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In 1942, Philip Johnson suggested that the U.S. Marines use the Navajo language as a secret code. Johnson had grown up on an Navajo Reservation. The Navajo language had complex syntax, tonal qualities and dialect. Navajo was not a written language. Less than 30 non-Navajos understood it.
A Navajo code programme was established at Camp Pendleton at Oceanside, California. 29 Navajo Code Talkers were recruited. More than 450 frequently used military terms were given Navajo equivalents.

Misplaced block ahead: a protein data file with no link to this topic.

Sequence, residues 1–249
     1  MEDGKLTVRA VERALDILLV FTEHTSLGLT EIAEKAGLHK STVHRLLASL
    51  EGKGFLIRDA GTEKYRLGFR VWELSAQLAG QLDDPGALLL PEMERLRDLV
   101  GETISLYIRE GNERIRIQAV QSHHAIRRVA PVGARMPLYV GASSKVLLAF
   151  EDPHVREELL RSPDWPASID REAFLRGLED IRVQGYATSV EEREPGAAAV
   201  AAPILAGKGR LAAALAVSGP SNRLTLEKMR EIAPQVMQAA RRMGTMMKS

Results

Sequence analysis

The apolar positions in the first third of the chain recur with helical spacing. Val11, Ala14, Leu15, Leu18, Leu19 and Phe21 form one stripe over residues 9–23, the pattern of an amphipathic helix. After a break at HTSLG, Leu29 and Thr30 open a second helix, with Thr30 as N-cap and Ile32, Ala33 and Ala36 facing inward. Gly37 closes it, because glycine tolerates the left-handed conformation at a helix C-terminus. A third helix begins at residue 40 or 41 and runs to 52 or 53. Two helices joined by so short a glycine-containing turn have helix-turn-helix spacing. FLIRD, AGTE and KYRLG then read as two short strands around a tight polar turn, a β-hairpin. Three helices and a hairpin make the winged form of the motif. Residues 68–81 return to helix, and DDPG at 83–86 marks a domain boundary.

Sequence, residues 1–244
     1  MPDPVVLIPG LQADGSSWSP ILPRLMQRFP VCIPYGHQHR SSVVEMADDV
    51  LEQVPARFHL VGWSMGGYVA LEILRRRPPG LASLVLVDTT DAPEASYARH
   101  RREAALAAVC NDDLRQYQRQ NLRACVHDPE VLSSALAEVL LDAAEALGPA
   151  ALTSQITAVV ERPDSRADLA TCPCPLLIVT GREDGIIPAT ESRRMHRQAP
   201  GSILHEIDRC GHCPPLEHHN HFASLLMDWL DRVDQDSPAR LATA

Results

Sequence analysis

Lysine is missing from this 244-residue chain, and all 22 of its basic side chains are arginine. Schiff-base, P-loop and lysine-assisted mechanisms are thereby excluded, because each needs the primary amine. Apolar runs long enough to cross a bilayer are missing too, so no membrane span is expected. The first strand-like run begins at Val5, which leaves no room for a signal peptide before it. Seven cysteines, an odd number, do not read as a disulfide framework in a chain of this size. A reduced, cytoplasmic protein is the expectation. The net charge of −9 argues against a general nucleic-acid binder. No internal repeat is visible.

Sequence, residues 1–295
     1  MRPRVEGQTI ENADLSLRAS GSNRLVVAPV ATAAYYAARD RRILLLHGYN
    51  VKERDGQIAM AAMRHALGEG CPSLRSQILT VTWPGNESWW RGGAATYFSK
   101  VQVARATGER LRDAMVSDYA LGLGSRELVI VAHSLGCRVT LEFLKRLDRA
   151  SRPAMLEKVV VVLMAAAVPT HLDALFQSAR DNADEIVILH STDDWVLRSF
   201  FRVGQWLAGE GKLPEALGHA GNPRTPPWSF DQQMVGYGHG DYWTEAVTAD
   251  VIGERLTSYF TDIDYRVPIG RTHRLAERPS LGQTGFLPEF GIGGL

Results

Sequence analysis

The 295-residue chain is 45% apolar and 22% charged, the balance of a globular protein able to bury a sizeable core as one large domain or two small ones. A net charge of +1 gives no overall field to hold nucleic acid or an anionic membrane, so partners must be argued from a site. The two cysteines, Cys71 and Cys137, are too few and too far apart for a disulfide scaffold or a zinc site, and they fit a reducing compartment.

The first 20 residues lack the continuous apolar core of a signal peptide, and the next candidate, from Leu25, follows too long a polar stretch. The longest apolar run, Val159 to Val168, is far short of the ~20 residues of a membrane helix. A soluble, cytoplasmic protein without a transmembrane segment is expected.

About 400 Navajos agents were trained to use the code. From these, 300 were active in the field. Navajo Code Talkers were a part of every major Marine assault during the Second World War.
Navajo soldiers were often at great risk from being shot in battle by their own side as they looked like Japanese, and often mistaken for one. The role of Navajo code breakers was kept a secret until 1968.
In December, 1981, President Ronald Reagan awarded the Navajo Code Talkers with a Certificate of Appreciation. 29 Code Breakers received Congressional Gold Medals in 2001 and the rest received Silver Medals.